Albion specialises in high quality knitwear in noble fibres. “Cashmere is our biggest seller. We do more cashmere than any other single yarn and we do it in varying gauges, it could be 3, it could be 7, it could be 12 or sixteen we are doing across all weights,” said Murphy. The company also works in high quality wool blends.
Training and young talent
Central to the Albion story has been training. The company has trained over 50 people, including 7 apprenticeship graduates. “The biggest changes we’ve seen are an increase in the skills of our staff,” he said. “We feel that they have reached a level of skill now that is commensurate with the type of product we produce. So the training that we did across 2014/5 has really paid off so we have a more stable and skilled workforce than we had in the first 18 months.”
Visiting the factory, Knitting Industry saw a team of young people focused intently on their work – there’s not much chitchat just the steady hum of concentrated activity. Murphy also noted the big improvement in professional confidence making the running of the factory smoother.
Another ingredient has been technical support from Stoll GB in Leicester. “They have been very supportive on technical and mechanical issues,” Murphy commented. For Albion, Stoll has been a good fit. “I think that Stoll is very forward thinking in designing and pushing the boundaries of what is possible in electronic knitting. We have Stoll 520C machines which is basically a hand knit 3-gauge needle bed with sinkers to create certain types of hand knit look to 2.5.2-gauge then we have 7.2-gauge machines. We are well known for our fine gauge and 16-gauge production.”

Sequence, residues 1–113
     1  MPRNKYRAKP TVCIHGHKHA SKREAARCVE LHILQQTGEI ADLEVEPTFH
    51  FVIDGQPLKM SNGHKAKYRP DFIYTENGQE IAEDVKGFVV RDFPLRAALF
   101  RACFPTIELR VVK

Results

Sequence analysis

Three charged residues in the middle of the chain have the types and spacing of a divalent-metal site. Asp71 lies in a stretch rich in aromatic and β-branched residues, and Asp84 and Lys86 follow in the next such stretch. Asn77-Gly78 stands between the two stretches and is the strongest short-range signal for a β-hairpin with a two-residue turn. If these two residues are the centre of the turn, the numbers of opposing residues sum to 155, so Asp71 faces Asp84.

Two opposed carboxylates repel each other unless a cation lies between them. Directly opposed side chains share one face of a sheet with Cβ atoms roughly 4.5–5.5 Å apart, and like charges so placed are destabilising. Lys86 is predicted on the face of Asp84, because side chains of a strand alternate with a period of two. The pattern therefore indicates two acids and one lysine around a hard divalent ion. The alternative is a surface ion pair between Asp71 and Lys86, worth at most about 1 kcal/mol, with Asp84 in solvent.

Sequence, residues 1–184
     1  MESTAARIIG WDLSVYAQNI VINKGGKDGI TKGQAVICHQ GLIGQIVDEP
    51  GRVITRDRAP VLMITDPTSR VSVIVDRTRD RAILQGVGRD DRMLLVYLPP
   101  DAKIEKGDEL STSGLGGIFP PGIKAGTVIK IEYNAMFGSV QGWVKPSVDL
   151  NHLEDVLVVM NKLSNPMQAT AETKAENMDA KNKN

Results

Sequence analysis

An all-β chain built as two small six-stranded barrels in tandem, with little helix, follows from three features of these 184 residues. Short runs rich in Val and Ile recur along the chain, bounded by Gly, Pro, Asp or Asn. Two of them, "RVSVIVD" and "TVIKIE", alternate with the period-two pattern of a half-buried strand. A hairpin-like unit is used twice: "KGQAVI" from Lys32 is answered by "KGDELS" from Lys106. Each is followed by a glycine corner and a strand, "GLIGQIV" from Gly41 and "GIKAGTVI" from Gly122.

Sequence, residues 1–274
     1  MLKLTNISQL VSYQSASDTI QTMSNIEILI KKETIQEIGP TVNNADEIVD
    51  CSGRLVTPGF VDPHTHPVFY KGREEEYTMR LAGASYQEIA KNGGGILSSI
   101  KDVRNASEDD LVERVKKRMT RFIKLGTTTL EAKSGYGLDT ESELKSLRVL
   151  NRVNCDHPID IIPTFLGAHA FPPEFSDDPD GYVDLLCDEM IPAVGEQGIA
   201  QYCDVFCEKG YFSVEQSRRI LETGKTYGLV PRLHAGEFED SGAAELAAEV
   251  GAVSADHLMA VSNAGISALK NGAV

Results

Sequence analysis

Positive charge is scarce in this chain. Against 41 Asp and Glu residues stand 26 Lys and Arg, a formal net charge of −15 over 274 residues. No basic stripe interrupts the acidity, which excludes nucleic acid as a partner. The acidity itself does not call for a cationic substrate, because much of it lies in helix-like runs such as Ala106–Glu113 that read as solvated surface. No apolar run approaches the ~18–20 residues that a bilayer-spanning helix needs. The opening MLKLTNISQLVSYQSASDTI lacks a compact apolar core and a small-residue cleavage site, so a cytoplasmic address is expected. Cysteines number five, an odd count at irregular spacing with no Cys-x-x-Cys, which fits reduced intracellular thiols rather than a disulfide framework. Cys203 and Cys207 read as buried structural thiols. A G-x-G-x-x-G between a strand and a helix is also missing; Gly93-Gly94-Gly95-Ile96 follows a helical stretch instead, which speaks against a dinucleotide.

He also believes that “to knit in London you have to supply the global luxury brands or the maths would not work.” A further key ingredient is the company’s speed to market. Murphy said: “There is definitely a case for using high value yarns being knitted in UK to reduce production times that could be wasted in shipping yarns spun in the EU to China and this certainly is the case for Italian or Scottish spun cashmere. It would be a disaster if we left the [European] economic area.”
Real market value
For now, Albion’s London location has real market value. “I think for most of our clients they are happy with Made in England. We haven’t had anyone asking us for Made in Great Britain. Some of our Japanese customers have actually asked for Made in London.” In practical terms, for many fashion houses, Albion is just a few tube stops away, so no time is wasted in airports waiting for flights and long road trips to factories in Eastern Europe, Turkey or China.”
Murphy reflected on where Albion is currently and what he sees is the future for the company. “We are still concentrating on our contract knitting business,” he said. He also hinted at future ideas about creating its own brand. He said this was still a long way off. Currently, he said, “a huge challenge for any knitwear business is to start a big spring summer business.” He cited the down season as a time when money can be lost.
He says the company is looking at “lighter weight fabrics, finer gauge production. “Interestingly enough, spring and summer drop very early these days so it doesn’t [necessarily] mean fine gauge.” The key issue he says is “convincing [the brand/customer that] there is a place for knitwear in their Spring/Summer collection.”
Finally, he said that “to build a good spring summer business really will be a game changer.”